Youth turkey hunt can offer lessons to last a lifetime - The Buffalo News

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Youth turkey hunt can offer lessons to last a lifetime

Turkey hunting is an addiction, a passion and an affliction that gets into your blood stream. It’s not easy to pass on those feelings to the next generation of sportsmen and women – sometimes you just have to let nature take its course. The important thing is to create that opportunity, to allow our youth to experience the hunt. The enjoyment of being in the woods, calling a bird into range and connecting with nature is what it’s all about – and not necessarily connecting with the bird.

“Make sure the kids are involved,” says Ernie Calandrelli, a long-time turkey hunter and Director of Public Relations for Quaker Boy Game Calls out of Orchard Park. “Get them away from their phones and video games. They need to feel the experience by letting them call while in the woods, starting with using locator calls like owl, crow or whatever call you can use to get them gobbling in the evening or morning. If the junior hunter actually calls a bird in, all the better for the experience. There’s nothing quite like turkey hunting!”

There are plenty of easy calls out there to use, like the Trigger Finger, a push-pull type call. Box calls and slate/glass/aluminum friction calls can also be used relatively easy; it’s just a question of getting the sound down and the cadence right. And, if there’s time, don’t rule out a diaphragm or mouth call. “Kids can adapt quickly if given the chance," Calandrelli said.

Young nimrods between the ages of 12 and 15 will have an opportunity to get a jump on adult turkey chasers when the special spring youth turkey hunt weekend sounds off April 22-23. However, junior hunters must be accompanied by a licensed adult age 21 (if the youngster is 12-13) or age 18 (if the young hunter is 14-15).

The Youth Hunt is a perfect opportunity for an experienced mentor to take out the next generation of hunters to share their knowledge and skill. If you plan on serving as the mentor, you must be licensed with a turkey permit. You may not carry a firearm or bow for the special weekend but you can assist in the hunt by calling. The bag limit is one bearded bird for the Youth Hunt. It would be part of that junior hunter’s two-bird limit for the season. A second bird may be taken starting May 1.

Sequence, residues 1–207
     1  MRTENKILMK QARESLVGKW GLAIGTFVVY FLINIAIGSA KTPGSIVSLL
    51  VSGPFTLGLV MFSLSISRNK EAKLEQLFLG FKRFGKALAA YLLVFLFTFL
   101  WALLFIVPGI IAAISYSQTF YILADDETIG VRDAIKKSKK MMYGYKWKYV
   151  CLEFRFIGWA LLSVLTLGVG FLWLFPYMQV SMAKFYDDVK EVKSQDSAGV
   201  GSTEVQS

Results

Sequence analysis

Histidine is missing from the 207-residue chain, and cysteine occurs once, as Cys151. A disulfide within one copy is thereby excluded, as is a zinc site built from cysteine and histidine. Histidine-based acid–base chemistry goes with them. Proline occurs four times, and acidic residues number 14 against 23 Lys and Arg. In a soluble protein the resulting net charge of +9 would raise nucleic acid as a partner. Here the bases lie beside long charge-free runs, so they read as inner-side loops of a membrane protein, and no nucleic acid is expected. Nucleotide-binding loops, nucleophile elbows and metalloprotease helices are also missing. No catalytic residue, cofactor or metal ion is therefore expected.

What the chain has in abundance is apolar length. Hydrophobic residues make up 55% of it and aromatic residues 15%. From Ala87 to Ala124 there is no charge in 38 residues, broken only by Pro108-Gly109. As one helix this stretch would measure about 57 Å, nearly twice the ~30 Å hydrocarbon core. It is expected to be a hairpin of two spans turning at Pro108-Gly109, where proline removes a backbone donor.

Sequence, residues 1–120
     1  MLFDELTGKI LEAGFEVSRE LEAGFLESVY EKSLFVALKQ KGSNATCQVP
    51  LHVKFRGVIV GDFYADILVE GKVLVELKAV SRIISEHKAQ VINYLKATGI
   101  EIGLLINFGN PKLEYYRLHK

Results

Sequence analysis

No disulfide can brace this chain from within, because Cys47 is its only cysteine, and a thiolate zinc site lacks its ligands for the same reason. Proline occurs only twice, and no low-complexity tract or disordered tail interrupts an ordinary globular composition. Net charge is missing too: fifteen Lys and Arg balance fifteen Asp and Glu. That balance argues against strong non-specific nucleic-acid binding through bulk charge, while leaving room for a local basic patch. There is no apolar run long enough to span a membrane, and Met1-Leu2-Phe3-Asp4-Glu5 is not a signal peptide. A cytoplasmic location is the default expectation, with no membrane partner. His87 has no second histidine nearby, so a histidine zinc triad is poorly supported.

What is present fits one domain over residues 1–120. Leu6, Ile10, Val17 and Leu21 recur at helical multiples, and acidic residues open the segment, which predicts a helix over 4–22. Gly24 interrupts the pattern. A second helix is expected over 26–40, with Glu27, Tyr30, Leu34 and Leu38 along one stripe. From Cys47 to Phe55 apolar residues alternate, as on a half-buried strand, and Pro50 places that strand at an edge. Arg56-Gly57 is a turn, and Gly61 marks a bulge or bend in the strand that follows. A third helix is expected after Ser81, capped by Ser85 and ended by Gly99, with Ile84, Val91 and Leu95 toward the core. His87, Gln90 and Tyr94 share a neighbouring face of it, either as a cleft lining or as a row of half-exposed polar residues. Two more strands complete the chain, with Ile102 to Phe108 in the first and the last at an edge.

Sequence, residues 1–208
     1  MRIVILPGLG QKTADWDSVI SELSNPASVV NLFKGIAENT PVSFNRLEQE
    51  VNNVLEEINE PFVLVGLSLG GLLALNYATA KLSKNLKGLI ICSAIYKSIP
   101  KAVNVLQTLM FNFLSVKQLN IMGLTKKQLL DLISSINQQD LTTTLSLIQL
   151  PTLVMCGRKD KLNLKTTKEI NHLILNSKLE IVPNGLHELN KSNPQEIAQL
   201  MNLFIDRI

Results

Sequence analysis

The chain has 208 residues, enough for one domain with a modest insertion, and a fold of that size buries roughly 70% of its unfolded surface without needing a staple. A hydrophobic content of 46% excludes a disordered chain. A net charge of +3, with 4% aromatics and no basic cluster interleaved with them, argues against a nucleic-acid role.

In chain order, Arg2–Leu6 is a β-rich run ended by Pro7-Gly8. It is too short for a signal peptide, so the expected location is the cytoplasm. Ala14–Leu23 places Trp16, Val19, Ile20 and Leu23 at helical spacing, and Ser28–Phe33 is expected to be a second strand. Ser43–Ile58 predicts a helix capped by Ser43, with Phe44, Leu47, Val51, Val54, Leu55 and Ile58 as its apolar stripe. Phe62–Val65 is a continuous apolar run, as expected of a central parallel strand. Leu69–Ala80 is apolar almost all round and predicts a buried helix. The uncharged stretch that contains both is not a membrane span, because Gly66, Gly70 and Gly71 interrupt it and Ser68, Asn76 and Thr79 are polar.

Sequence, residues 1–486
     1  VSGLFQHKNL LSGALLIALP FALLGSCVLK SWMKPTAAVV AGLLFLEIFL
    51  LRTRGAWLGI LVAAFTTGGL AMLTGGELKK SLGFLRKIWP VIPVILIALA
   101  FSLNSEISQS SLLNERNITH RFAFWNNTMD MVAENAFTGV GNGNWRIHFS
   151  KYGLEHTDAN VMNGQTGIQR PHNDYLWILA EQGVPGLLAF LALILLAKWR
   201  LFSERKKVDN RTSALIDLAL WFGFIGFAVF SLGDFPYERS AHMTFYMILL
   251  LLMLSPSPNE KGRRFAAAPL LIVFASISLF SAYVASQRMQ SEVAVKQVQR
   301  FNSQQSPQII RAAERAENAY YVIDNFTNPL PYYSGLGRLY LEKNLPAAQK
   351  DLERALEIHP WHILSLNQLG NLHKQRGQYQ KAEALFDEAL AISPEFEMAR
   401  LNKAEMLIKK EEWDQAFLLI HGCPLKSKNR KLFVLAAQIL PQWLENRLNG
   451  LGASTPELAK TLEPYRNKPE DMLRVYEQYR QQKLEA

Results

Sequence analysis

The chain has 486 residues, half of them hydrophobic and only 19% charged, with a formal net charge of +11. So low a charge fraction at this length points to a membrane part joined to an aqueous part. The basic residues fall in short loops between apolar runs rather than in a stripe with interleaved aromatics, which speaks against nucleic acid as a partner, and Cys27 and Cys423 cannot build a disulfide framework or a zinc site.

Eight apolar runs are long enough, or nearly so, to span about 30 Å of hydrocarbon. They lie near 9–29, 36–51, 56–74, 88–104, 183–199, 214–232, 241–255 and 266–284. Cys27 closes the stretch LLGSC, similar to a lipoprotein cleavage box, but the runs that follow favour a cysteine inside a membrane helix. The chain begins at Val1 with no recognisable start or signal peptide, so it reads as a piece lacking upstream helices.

Calandrelli is a believer in the Six P’s when it comes to turkey hunting, a mantra started by the late Dr. Paul Pelham. Those P’s are:

Practice: Everything from turkey calling to woodsmanship. Be the best you can be.

Pattern: Know your gun and how it shoots. You may have to try several different loads before you find the one that works the best. Shoot at 20 yards first to determine point of aim. If your gun is off, you may need different sights,like a red dot or a scope. Then you are ready for the pattern at 40-50 yards.

Perseverance: You need to stick it out and keep trying. What doesn’t work one day doesn’t mean it won’t work the next.

Patience: Don’t rush the hunt – your calling; your shot.

Pre-season Scouting: Locate gobbling turkeys before the hunt. Have some back-ups. And if you need to obtain landowner permission, it gives you some time. You can also spot birds in fields to know generally where they are hanging out.

Position: Where you set up for a bird can make a difference in your success. Your odds are better if you can stay on the same level or above a bird to call it in. However, Calandrelli has called some birds downhill. It’s important to know the terrain – where there are natural or man-made barriers that could cause a bird to hang-up. And if it doesn’t work out one day, move around to a different spot if you want to chase that bird down the following day.

“For me, every morning is opening morning,” says Calandrelli, a licensed Great Lakes charter captain (perfect since you can only hunt until noon). “You never know with turkey hunting. A gobbler could be on the roost first thing in the morning and then hen up right away. That same birod could be gobbling again by 10 a.m. It’s fair to say that success rates are as comparable from daylight to 8 a.m. as they are to 10 a.m. to noon.”

Number One on anyone’s list with turkey hunting – or any hunting for that matter – should be safety. Here are a few tips to become familiar with so that they are ingrained. Be sure to pass them on to the next generation of sportsmen:

  • Be sure of your target. Never shoot at color, sound or movement alone. And never try to stalk a turkey.
  • When talking turkey, sit with your back against a big tree to help protect you.
  • When walking around, wear some Hunter Orange to help identify you to other hunters that may be in the area. And if you’re carrying around a decoy or you are successful and you’re carrying a bird out, wrap it in orange cloth.
  • A turkey’s body is tougher than what you might think – aim for the head and neck area. Use smaller shot like 4, 5 or 6 size to allow for a denser shot pattern.

So how is the forecast for this season? According to DEC’s Region 9 Senior Wildlife Biologist Emilio Rende, turkey population levels are seeing a little bit of an uptick thanks to some better production in 2016. Even 2015 was decent. The poult per hen ratio the last four or five years was 3.1 to 3.3 per hen and that is not great but it’s something populations can build off.

It’s not like during the heyday of 10 to 15 years ago. Weather, predation and primary nesting habitat are the key issues that contribute to nesting success.

“The reason that turkey numbers were so high back then was because it coincided with raccoon rabies,” says Rende. “There was so much less predation on the nests. Today there is predation from raccoons, possums, skunks, foxes, coyotes, fishers, bobcats and avian predators.”

 

 

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